Australian skipper Michael Clarke exchanges words with Stuart Broad shortly before he was given out. Photo: Getty Images
- Scorecard / As it happened
- Arthur's theme plays loudly
- Both DRS and Australia's judgment flawed
- Clarke defends use or review
NOTTINGHAM: The dismissal of Michael Clarke, amid further umpiring drama, triggered another batting collapse that left Australia on the path to defeat in the first Ashes Test.
After three days packed with drama, the fourth was tight with suspense until Australia lost three wickets, including that of the captain and best batsman, for three runs in 18 balls.
Promoted: Ashton Agar remains not out at stumps. Photo: Ryan Pierse
England had set Australia 311 to win - which would be a record at Trent Bridge - and the touring team still needed 137 at stumps on day four, with Brad Haddin and wonder boy Ashton Agar, promoted to No.8, at the crease.
After staggering to 6-174, Australia has only the tail to bat and no more DRS challenges in case of emergencies on the final day.
Clarke, so important to the chase, used the last challenge after Stuart Broad launched a passionate appeal for caught behind. First, umpire Aleem Dar asked the TV umpire to check whether the catch had carried to Matt Prior. It had, so Clarke was given out, but the Australian captain then asked for a review to check the edge. A faint white mark appeared on Hot Spot, and Clarke had to go for 23.
Day four, first Ashes Test
A collapse late in the day leaves Australia on the back foot. Photo: Getty Images
Steve Smith succumbed to the next ball from Graeme Swann, which turned sharply into his pads. The off-spinner, revving the ball harder now, then thumbed Phillip Hughes on the pad. Umpire Kumar Dharmasena turned down the appeal, but England challenged and decision was overturned.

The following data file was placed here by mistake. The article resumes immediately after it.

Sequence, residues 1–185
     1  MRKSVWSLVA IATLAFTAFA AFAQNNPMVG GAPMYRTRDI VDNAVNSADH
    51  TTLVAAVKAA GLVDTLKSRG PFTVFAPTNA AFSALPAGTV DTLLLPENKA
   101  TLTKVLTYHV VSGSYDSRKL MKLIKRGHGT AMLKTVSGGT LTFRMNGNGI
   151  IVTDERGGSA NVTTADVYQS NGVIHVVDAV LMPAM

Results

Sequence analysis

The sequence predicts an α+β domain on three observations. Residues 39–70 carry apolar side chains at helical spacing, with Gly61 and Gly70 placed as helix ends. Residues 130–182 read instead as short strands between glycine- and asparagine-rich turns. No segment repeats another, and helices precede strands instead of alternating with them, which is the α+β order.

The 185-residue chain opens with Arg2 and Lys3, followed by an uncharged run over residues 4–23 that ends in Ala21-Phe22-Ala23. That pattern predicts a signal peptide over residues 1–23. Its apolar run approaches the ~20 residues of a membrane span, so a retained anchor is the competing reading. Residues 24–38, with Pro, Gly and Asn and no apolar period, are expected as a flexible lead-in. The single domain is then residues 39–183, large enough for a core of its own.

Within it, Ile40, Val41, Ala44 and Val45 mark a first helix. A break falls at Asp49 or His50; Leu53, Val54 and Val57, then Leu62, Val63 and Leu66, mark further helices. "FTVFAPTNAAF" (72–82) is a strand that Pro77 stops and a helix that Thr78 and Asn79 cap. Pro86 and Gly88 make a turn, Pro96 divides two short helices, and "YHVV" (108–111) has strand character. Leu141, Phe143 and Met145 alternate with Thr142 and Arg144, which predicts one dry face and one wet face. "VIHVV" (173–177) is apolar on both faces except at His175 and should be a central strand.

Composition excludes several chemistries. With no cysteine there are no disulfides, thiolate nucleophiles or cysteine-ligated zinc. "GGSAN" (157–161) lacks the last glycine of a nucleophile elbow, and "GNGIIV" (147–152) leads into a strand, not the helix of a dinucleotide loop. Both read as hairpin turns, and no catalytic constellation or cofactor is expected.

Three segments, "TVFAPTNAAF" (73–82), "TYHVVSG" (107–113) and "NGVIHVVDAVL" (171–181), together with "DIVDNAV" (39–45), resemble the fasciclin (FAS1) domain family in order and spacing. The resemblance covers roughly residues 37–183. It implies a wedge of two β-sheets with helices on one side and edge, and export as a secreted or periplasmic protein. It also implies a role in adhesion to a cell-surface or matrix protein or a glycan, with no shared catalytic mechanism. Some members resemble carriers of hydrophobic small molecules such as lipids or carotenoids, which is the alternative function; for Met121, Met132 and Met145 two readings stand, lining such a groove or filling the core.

The Australians had been in good shape at 2-111, now they turned to a 19-year-old debutant with nothing to fear to salvage the innings.
As the players' faith in the umpires and the DRS continued to be tested, Ed Cowan put his Test career in grave doubt. The Australians had established a solid platform when, on the stroke of tea, Cowan played a lavish drive at part-time spinner Joe Root and was caught at slip for 14.
Brad Haddin (L) and Ashton Agar will lead Australia's run chase on the final with the tourists needing 137 runs for victory with four wickets in hand. Photo: Getty Images
Cowan has endured a horrid Test. He was floored by a stomach bug for much of the match, made a golden duck in the first innings and dropped a difficult catch at short leg in the second.
Having relinquished his opening spot to Shane Watson, the 31-year-old is now under immense pressure from reserve batsman Usman Khawaja to hold his place in the team for the next Test at Lord's.
Chris Rogers and Shane Watson struck just the right balance of patience and intent for an opening stand of 84, and Rogers posted a hard-fought maiden Test 50.
Half of Watson's dismissals against England have been lbw and so it was again although he, too, had reason to feel disillusioned with the rules governing the DRS.
He had played well for 46 but played across the line to Broad and was given out leg before.
Sensing the ball was missing leg, Watson challenged, but because Hawkeye showed a fraction of the ball shaving leg stump, Dar's original decision was upheld.
This was not a howler of the sort for which Dar was pilloried the previous day but it provided another example of the flawed use of DRS. In the first innings Rogers was given out in similar circumstances, and he dropped his bat in dismay when the Watson verdict flashed up on the screen.
Rogers battled on but tumbled into a trap prepared by Jimmy Anderson and England bowling coach David Saker. When the veteran opener clipped a simple catch to mid-wicket, Anderson pointed to Saker on the balcony of the dressing room, from where Saker gave him a thumbs-up.
Earlier, the Australians took the four remaining wickets to wrap up England's second innings for 375 before lunch.
Ian Bell scored an excellent 109 and later rated it among his best. In the six and a half hours Bell spent at the crease, as controversy erupted around him, he turned England's position from desperate to dominant.
Tellingly, he was the first batsman in the game to pass three figures on a slow pitch that must remind the Australians of their recent misadventures in India. Ominously for Australia, England has never lost a Test in which Bell has made a hundred.